# [seqfan] Re: definition of A002848

Artur grafix at csl.pl
Tue Feb 9 23:21:59 CET 2010

Nowakowski's variant to 4n
produced
http://www.research.att.com/~njas/sequences/A014635
To 4n+1 produce
http://www.research.att.com/~njas/sequences/A033585

All sequences are decreasing
Artur

Richard Guy pisze:
> Indeed, but I'm as confused, perhaps even more so,
> than the rest of you.  Neil must have constructed
> this (these?) from my papers.  For considerably
> more detail, see Richard Nowakowski's 1975 Calgary
> MSc thesis on the Langford-Skolem problem.  This
> sh'd've been pursued further and publicized ...
>
> I don't understand A002848 or A002849.  No
> example is given in either case.  My guess is
> that it shd read    Number of sol'ns of x+y=z
> from {1,2,...,3m}  instead of ...,n}.  But
> that still doesn't make clear what is going on.
>
> Another good place to start is my Unity of
> Combinatorics lecture:
>
> Richard K.~Guy, The unity of combinatorics,
> {\it Proc.\ 25th Iran.\ Math.\ Conf., Tehran}
> (1994), {\it Math.\ Appl.}, {\bf329} 129--159,
> Kluwer Acad.\ Publ., Dordrecht, 1995;
> {\it MR} {\bf96k}:05001.
>
> I'm not clear what Neil had in mind, but
> perhaps he himself will remember.  The problem
> was to partition the numbers from 1 to 3m
> into  m  triples which each satisfy the
> equation  x + y = z.  There are numerous
> connexions with other combinatorial objects.
> As someone has pointed out, there are
> solutions only if  m == 0 or 1  mod 4.
>
> For  m = 1, the unique solution is  1 + 2 = 3.
>
> For  m = 4, there are 8 solutions:
>
> 1 5  6     1 5  6     2  5  7     1  6  7
> 2 8 10     3 7 10     3  6  9     4  5  9
> 4 7 11     2 9 11     1 10 11     3  8 11
> 3 9 12     4 8 12     4  8 12     2 10 12
>
> 2 4  6     2  6  8    3  4  7     3  5  8
> 1 9 10     4  5  9    1  8  9     2  7  9
> 3 8 11     3  7 10    5  6 11     4  6 10
> 5 7 12     1 11 12    2 10 12     1 11 12
>
> I don't think that we found all solutions
> for any larger values of  m.  Computers
> and computation have advanced quite a bit
> in the last 36 years, and some of you can
> probably push this quite a way.  Nowakowski
> gives (some) solutions for  m = 4k  and
> 4k+1  for all  k.
>
>
> Come in, Neil!      R.
>
>
>
> On Tue, 9 Feb 2010, David Newman wrote:
>
>
>> Pardon my ignorance, but is there an option of writing to Guy and asking
>> him?
>>
>> On Tue, Feb 9, 2010 at 12:09 PM, <franktaw at netscape.net> wrote:
>>
>>
>>> Possibly (I haven't really checked, but the pattern is right) A002849
>>> is the number of partitions of a subset of 1..n into triples X+Y=Z,
>>> with the maximum possible number of such triples.  A002848 would then
>>> be the number of such partitions that include n in one of the triples.
>>>
>>> If this is correct, I would argue that A002849(1) and A002849(2) should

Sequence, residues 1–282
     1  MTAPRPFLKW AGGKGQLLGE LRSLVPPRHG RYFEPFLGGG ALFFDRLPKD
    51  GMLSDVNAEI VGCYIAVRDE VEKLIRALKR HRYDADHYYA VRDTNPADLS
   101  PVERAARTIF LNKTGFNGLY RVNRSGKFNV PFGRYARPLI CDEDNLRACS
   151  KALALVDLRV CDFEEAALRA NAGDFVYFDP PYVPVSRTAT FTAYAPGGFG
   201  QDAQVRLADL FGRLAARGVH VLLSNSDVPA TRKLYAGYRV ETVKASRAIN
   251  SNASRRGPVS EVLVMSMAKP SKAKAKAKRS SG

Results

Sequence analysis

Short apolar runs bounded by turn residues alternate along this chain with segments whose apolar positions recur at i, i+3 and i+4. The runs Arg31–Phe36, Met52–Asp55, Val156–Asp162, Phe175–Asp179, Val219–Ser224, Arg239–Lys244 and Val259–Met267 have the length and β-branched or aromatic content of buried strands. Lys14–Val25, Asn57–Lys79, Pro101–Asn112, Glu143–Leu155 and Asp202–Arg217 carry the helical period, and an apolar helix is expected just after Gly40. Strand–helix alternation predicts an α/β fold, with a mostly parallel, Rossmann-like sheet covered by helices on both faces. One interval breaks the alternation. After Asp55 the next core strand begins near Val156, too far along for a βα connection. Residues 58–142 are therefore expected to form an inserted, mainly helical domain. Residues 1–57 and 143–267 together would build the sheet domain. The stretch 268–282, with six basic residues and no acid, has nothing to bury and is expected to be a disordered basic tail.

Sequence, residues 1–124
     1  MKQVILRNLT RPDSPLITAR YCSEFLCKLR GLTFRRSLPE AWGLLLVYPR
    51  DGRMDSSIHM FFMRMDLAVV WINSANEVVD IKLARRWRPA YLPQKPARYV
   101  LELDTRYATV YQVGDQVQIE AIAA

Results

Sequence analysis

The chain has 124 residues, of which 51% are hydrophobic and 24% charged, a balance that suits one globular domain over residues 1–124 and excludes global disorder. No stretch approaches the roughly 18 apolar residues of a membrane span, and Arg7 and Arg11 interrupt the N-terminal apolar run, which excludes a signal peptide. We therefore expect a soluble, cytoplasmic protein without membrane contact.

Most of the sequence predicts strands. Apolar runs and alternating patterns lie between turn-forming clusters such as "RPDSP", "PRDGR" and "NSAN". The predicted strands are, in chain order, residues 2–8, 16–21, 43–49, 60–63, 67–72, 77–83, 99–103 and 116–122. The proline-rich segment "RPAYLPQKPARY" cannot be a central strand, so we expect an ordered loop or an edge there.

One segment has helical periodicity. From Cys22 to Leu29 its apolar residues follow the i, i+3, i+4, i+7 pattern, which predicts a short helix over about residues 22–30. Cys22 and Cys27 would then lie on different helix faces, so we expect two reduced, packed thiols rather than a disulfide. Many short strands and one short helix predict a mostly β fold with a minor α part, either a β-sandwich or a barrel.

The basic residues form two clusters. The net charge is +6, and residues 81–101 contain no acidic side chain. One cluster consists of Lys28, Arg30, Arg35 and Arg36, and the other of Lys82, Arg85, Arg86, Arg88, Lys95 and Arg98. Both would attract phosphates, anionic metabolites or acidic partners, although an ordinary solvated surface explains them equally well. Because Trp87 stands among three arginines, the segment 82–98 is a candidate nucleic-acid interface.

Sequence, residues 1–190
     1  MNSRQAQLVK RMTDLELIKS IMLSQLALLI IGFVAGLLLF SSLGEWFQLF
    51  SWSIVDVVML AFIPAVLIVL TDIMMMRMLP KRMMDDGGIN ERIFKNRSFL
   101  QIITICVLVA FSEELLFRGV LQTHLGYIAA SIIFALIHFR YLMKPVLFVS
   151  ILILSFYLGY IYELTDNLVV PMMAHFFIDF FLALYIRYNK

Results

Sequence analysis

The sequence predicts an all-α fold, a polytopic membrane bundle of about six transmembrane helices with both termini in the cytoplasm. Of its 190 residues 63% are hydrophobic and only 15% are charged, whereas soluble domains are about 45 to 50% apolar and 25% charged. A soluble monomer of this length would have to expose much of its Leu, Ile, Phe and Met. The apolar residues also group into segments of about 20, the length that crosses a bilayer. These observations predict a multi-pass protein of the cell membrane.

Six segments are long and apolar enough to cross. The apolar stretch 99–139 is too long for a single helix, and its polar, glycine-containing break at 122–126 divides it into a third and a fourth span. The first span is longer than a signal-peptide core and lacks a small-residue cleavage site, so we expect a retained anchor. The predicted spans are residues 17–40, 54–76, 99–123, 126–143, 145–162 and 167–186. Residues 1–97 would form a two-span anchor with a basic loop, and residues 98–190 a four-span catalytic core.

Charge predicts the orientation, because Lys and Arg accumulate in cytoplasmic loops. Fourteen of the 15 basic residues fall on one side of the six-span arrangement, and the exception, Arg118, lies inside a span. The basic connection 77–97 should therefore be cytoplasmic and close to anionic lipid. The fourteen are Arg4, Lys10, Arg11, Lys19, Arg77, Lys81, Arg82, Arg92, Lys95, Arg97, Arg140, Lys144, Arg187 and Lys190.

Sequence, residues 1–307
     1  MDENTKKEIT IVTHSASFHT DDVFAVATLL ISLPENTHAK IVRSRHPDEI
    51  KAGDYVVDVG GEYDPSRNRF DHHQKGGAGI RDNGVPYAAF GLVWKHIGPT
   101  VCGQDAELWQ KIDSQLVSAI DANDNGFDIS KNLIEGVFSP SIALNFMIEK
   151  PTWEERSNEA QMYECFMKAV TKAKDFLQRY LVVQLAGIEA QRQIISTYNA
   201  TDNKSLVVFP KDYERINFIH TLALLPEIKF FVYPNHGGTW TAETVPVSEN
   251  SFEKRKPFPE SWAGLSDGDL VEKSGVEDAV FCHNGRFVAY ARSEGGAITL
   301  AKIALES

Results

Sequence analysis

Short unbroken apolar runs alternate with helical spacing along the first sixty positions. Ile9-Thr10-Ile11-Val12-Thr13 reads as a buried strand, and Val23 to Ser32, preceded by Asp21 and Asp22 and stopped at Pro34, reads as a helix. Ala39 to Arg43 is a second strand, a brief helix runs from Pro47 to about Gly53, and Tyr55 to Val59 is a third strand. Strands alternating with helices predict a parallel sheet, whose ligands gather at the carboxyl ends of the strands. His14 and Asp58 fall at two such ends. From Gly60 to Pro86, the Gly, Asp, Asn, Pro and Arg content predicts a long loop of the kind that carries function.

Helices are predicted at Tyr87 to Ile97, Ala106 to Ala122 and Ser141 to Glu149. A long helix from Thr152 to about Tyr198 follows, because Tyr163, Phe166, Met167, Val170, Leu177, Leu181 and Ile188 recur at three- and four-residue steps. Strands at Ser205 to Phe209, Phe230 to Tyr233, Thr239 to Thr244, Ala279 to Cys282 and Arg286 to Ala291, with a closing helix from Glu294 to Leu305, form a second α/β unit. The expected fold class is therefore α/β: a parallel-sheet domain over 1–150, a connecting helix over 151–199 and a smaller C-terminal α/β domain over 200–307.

>>> both be 1, representing the empty partition.
>>>
>>>
>>> -----Original Message-----
>>>  From: Andrew Weimholt <andrew.weimholt at gmail.com>
>>>
>>> A002849 has the same definition, but different terms. One or both
>>> definitions are wrong.
>>>
>>> If you google "unity of combinatorics", the third result is a google
>>> books page.
>>> R. K. Guy briefly discusses the X+Y=Z problem and the X+Y=2Z problem.
>>>
>>> Given the numbers 1 to 3n, the goal is to partition them into triples
>>> such that
>>> each triple is a solution to X+Y=Z. For example...
>>>
>>> 1+11=12,
>>> 2+6=8,
>>> 3+7=10,
>>> 4+5=9
>>>
>>> is one solution for n=4
>>>
>>> here are two more for n=4
>>>
>>> 1+11=12
>>> 2+7=9
>>> 3+5=8
>>> 4+6=10
>>>
>>> 1+5=6
>>> 2+8=10
>>> 3+9=12
>>> 4+7=11
>>>
>>> Unfortunately, this still doesn't shed much light on A002848 and
>>> A002849, as the terms
>>> do not seem to match.
>>>
>>> As Guy notes, the X+Y=Z problem only has solutions for n == 0 or 1 mod
>>> 4,
>>> whereas A002848 and A002849 only contain zeros for a(1) and a(2).
>>>
>>> Something else is still missing.
>>>
>>> Andrew
>>>
>>>
>>> On Mon, Feb 8, 2010 at 11:03 PM,  <franktaw at netscape.net> wrote:
>>>
>>>> Nothing so straightforward is going to work, because the sequence
>>>>
>>> terms
>>>
>>>> as they exist are not monotonic.  The first reference, "R. K. Guy,
>>>> Sedlacek's Conjecture on Disjoint Solutions of x+y= z,'' in Proc.
>>>> Conf. Number Theory. Pullman, WA, 1971, pp. 221-223.", looks to me
>>>>
>>> like
>>>
>>>> the place to start; unfortunately, I don't have access to this.
>>>>
>>>>
>>>> -----Original Message-----
>>>> From: Rainer Rosenthal <r.rosenthal at web.de>
>>>>
>>>> Max Alekseyev wrote:
>>>>
>>>>> Does anybody understand the definition of A002848 and how it produces
>>>>> the listed terms?
>>>>>
>>>> Just a guess, to be verified:  "number of solutions of x+y+z=n"
>>>>
>>>> a(3)=1 solutions: 1+1+1=3
>>>> a(4)=1 solutions: 1+1+2=4
>>>> a(5)=2 solutions: 1+1+3=5 and 1+2+2=5
>>>> a(6)=2 solutions: 1+1+4=6 and 1+2+3=6
>>>>
>>>> oops ... there is 2+2+2=6 as well.
>>>> What a pity :-(
>>>>
>>>>
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